Source : Brepols


Alban Baudou, Séverine Clément-Tarantino, À l'école de Virgile

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Alban Baudou, Séverine Clément-Tarantino (dir.), À l'école de Virgile, Villeneuve d'Ascq, 2015.

Éditeur : Presses Universitaires du Septentrion
Collection : Mythographes
480 pages
ISBN : 978-2-7574-0881-0
32 €

Les lettrés du Moyen Âge ont trouvé dans le commentaire de Servius à Virgile une ample matière mythographique et une méthode de lecture active, pouvant nourrir l'interprétation des poètes antiques et l'invention de nouvelles fictions. Jusqu'à la fin de la Renaissance les éditions de l'Énéide n'étaient pas séparées de ces gloses, dont nous publions ici le premier livre, traduit intégralement pour la première fois en français.
Plutôt que d'isoler ce qui relèverait plus spécifiquement de la mythographie, nous avons voulu permettre au lecteur d'aujourd'hui, peu familiarisé avec les anciens grammairiens, d'en apprécier la foisonnante multiplicité d'approches. Expliquer la complexité des formules poétiques, comme le fait Servius, n'est pas seulement faire œuvre d'éducateur, c'est un geste herméneutique qui révèle la richesse polysémique des mythes et des fictions. Les anciens qui apprenaient à lire dans Virgile trouvaient dans les mythes une initiation à toutes les sciences, et leur pratique de l'interprétation était assez ouverte pour laisser libre cours à l'imagination. C'est le poète à l'œuvre que révèle la lecture de Servius, dans sa manière de donner sens aux choses par les mots. L'ensemble des gloses antiques et médiévales transmises depuis le IVe siècle sous le nom de Servius fait partie du patrimoine culturel européen, pour avoir exercé des générations de lecteurs à relier culture lettrée, connaissance de la nature et sciences de l'homme.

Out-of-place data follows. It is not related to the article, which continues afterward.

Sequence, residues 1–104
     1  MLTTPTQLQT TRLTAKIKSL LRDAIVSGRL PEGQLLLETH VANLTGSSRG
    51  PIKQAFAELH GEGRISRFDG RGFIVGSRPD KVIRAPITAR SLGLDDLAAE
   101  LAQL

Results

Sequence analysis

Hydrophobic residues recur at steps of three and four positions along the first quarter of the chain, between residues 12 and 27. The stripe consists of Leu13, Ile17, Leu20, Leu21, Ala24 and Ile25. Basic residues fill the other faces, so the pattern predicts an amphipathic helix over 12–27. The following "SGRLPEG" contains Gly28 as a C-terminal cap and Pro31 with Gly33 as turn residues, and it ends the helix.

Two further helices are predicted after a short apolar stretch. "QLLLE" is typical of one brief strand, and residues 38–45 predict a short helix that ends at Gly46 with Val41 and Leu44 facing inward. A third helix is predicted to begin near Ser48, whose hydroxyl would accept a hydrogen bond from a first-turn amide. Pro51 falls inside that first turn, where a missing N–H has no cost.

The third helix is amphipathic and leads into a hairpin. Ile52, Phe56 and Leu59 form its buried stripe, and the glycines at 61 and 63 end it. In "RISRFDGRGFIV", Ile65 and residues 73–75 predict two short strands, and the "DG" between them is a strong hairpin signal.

Source : Presses universitaires du Septentrion